You should hear the stories Liv and Sus tell of their Mom.  She taught them how to slide down glaciers on the balls of their feet, using a stick as a rudder.  By excusing them from classes for a day of hiking, she reminded them never to let school get in the way of a good education.  She demonstrated the joy of mischievousness when she hid with them, snickering in the pitch black of a lava tube, while other tourists walked by unaware that anyone else was around.

She encouraged confidence by challenging them to jump off of even bigger sand dunes, swim in the even the coldest lakes, and find a way across (or down) even the angriest rivers.  And she taught them to appreciate fully the moment they were in, even as they prepared for what might come.  If you’d ever had the privilege to hearing these stories you would understand why I deemed Bonnie the perfect candidate for an OutsideMom interview.

Thanks for doing the interview Bonnie. Thanks for emphasizing that outdoor time can teach us about living no matter where we find ourselves. Thanks for reminding us of the value of spontaneity and the importance of throwing structure out the window.

Why did you emphasize the outdoors when raising your girls?

Being outside teaches children to see themselves in context. In the built environment of the city, everything natural is controlled. I think children in the city eventually come to believe that control of everything is their right, and even (sadly) their responsibility. It burdens them with an inflated sense of their own importance.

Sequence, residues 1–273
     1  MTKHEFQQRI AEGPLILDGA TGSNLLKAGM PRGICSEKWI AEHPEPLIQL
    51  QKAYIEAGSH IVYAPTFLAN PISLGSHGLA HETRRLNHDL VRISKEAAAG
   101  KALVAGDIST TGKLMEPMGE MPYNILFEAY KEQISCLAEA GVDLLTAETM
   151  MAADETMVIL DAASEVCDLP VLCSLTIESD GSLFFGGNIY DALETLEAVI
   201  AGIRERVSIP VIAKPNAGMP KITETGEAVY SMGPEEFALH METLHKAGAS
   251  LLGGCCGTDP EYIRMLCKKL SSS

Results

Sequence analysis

If you think about it, it’s just cruel. In the natural world, they are one part of something bigger. Their individual contribution makes a difference and can change things, but it doesn’t bring down the house if they make a mistake. They are free to play, act, wonder, discover and experiment and to learn the consequences of doing just that. For city kids, the loss of a life is an earth-shattering event.  For a natural kid, it’s part of a never-ending, life-affirming pattern. (more…)

‘Stink Bugs’ – A Low Maintenance Pet

Growing up I always called these critters ‘stink bugs’. I know this is somewhat controversial is some circles (like between me and Joe), but the name makes so much sense! They stick their bums (abdomens) in the air and have the potential to spray stink at you (which easily washes off). Sounds like a stink bug to me. Well, apparently the most politically correct name is a Tenebrionid beetle. There are several different kinds of beetle in the family Tenebrionidae, and they all make pretty good pets.

I know, a stink whatever-you-want-to-call-it doesn’t really sound like much of a pet, but it is. Here’s why: (more…)

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    I'm Lindsey. I'm an environmental educator, my husband's a biologist. The outdoors is infused into everything we do; which explains why I'm better at mud pies than home decorating. More About Me

    I don't blog alone! Meet outsidemom contributer Olivia